The bones are each rigid components that give structure to vertebrate animals. Among these animals are: fish, birds, reptiles, amphibians and mammals. The bones are, in other words, the parts of the skeleton.The skeleton supports and gives physical form to the body of the living being that contains it. Animals that do not have a skeleton instead have an external formation that protects them, such as a shell or shell; It is then about snails and beetles, for example.

What are bones for?

Bones, being formations with a high degree of hardness, have great physical utility in the body of living beings.

The bones serve to:

  • Protect internal organs
  • Body support
  • Provide calcium to industrial processes

Protect internal organs

Bones are responsible for the protection that living vertebrates require. The ribs protect the soft organs, such as the lungs, stomach, liver, pancreas, and kidneys.

They serve as a support for the body

The joined bones form the skeleton, which is the structure that supports the body’s weight and allows mobility. Living vertebrate beings adapt to the terrain they tread and move thanks to bones.

In industry, animal bones are used to supply calcium to industrial processes

In the agro-industrial field, animal bones are ground and used as food for fish, birds, pigs and even cattle, although the use of this alternative in cattle has been prohibited due to the transmission of bovine spongiform encephalopathy , a disease known as the ” mad cow syndrome “.

Calcium from bones is supplied in polymerization processes to make plastics, or to be added to paints.

What are bones made of?

If the bones are deficient in any of its components, they are prone to fracture.

Bones are made up mostly of the chemical element calcium . It contains it as mineral salts, such as tricalcium phosphate Ca 3 (PO 4 ) 2 , in crystalline form; calcium carbonate CaCO 3 , collagen and other substances that work as a reinforcement.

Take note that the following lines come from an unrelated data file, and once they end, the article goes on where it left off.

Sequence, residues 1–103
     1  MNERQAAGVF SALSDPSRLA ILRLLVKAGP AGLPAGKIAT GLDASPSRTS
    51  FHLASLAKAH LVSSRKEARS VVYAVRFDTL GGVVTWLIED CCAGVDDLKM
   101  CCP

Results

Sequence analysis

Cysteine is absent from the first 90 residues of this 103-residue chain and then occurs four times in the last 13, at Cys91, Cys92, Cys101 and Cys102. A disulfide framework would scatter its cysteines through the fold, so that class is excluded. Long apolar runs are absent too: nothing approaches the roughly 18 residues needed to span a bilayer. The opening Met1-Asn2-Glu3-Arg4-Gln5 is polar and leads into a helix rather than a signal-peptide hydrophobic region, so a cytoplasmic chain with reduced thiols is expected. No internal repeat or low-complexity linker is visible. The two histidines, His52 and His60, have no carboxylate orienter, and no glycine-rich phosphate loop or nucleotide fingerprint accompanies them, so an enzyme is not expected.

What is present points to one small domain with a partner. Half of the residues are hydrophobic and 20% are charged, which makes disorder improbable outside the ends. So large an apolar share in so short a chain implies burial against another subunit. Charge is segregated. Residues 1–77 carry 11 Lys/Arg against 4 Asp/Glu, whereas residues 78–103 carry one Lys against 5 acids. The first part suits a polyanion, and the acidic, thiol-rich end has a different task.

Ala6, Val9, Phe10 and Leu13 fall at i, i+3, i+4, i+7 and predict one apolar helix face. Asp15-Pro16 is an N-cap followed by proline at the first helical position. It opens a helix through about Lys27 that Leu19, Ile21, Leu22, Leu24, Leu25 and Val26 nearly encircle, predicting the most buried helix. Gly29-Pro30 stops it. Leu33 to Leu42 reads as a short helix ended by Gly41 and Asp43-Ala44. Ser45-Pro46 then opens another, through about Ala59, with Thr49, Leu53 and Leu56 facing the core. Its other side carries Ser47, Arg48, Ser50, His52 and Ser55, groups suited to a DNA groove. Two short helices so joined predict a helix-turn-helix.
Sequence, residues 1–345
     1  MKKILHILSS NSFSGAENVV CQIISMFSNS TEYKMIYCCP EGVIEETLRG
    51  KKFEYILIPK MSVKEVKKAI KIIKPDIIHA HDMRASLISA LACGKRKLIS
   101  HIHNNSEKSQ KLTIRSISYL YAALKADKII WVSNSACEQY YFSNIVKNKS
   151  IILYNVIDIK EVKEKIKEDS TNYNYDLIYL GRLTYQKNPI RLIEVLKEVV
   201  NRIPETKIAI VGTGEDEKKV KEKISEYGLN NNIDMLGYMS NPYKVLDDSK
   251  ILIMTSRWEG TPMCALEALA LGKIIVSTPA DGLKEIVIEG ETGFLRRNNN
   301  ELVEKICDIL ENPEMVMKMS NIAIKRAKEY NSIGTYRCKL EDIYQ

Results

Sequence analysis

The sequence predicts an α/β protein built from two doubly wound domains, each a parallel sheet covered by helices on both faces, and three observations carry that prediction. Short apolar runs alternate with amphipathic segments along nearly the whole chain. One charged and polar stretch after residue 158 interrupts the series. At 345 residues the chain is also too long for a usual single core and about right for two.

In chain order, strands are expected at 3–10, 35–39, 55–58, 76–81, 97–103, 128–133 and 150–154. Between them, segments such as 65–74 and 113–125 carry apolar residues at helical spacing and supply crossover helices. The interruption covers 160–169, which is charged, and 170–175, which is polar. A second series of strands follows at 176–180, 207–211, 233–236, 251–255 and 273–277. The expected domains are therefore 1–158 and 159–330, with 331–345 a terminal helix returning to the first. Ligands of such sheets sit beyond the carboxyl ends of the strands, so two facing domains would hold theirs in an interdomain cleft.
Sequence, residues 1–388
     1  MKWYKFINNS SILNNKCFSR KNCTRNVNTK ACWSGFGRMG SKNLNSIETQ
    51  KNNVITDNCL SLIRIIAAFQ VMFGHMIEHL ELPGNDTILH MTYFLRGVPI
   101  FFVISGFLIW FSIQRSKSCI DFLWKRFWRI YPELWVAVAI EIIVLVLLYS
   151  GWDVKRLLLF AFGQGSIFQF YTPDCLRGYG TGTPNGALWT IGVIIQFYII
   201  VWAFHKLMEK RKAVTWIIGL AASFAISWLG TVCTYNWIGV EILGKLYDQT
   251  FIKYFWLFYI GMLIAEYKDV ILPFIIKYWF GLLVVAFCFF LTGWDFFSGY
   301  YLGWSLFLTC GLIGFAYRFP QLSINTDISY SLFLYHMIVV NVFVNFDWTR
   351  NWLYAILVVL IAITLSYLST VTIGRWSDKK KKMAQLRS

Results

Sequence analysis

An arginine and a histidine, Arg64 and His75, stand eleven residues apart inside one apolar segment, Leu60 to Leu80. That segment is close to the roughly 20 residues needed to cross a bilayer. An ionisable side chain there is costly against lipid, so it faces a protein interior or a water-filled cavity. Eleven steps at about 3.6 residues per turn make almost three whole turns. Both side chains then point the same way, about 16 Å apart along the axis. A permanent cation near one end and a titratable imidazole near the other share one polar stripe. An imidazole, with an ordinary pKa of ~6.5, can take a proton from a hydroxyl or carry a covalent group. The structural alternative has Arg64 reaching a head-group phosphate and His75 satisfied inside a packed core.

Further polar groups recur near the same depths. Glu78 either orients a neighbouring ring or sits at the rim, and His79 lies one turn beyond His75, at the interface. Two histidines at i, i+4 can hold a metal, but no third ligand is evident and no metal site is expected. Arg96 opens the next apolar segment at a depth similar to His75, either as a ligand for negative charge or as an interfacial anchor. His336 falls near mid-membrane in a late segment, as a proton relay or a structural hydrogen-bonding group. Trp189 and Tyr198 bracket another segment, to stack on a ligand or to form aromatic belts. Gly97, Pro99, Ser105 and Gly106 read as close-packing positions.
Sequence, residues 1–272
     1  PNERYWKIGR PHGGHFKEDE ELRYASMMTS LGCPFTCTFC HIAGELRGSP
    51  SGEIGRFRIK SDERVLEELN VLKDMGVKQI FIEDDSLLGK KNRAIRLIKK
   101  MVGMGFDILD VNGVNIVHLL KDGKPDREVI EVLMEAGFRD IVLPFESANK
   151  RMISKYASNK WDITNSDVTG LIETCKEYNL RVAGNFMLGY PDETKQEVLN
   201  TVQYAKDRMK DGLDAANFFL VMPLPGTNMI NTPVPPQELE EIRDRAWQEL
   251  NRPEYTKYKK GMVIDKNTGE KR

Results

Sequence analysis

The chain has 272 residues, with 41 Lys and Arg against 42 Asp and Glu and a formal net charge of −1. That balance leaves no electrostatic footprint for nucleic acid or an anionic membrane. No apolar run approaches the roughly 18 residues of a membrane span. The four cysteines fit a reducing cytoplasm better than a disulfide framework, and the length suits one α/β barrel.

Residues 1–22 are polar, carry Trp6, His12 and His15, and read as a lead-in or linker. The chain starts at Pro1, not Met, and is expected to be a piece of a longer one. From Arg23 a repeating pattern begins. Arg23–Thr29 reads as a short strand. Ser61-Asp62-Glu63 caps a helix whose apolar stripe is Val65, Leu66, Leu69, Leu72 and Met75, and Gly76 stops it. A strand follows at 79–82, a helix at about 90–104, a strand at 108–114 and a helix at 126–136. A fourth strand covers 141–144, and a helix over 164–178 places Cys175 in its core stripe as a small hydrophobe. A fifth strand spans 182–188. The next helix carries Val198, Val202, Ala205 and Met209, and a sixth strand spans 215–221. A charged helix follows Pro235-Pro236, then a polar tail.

Mineral salts accumulate in microscopic spaces between the collagen fibers, then crystallize and harden in a process called ” calcification .” It is essential that this is carried out correctly during early childhood and in newborns.

The materials that bones are made of are divided into bone tissue and cartilaginous masses . The bones have a soft inner part, which is rich in mature stem cells, which are intended to restructure and repair the bone in case of injury.

In the spinal column there is a soft tissue called bone marrow , in which the central nerve that allows movement and a high amount of the aforementioned stem cells, responsible for bone and blood regeneration, is protected.

The most common disease related to bones is osteoporosis , which is a decalcification of these, generating empty spaces. Its prevention is possible by consuming foods rich in calcium, such as dairy or grains, or by taking nutritional supplements.

Woven bone

Human skeleton is made up of bones

Bones are made up of tissues that are classified according to their physical strength: compact bone tissue or spongy bone tissue .

The compact bone tissue forming the outer layer of all bones of the body and long bones. This type of tissue provides protection and support, and helps long bones withstand the pressure of the weight they bear.

The tissue cancellous bone is fragile, because it is not naturally very hard. It is made up of thin plates of bone called trabeculae . The spaces between the trabeculae of some bones are occupied by the bone marrow , which is responsible for producing blood cells. This type of bone tissue is found on the inside of the bones, while the compact is on the outside, responsible for protection.

Parts of the skeleton

In the human body there are approximately 206 bones, and they give the skeleton two different parts:

  • axial skeleton
  • Appendicular skeleton.

The axial skeleton consists of the skull, facial bones, ribs, sternum, and spinal column.

The appendicular skeleton begins in the scapular area, at the shoulder, through the bones of the upper and lower extremities, and through the pelvic area.

Website | + posts

Dr. Samantha Robson ( CRN: 0510146-5) is a nutritionist and website content reviewer related to her area of ​​expertise. With a postgraduate degree in Nutrition from The University of Arizona, she is a specialist in Sports Nutrition from Oxford University and is also a member of the International Society of Sports Nutrition.

Similar Posts

Leave a Reply

Your email address will not be published. Required fields are marked *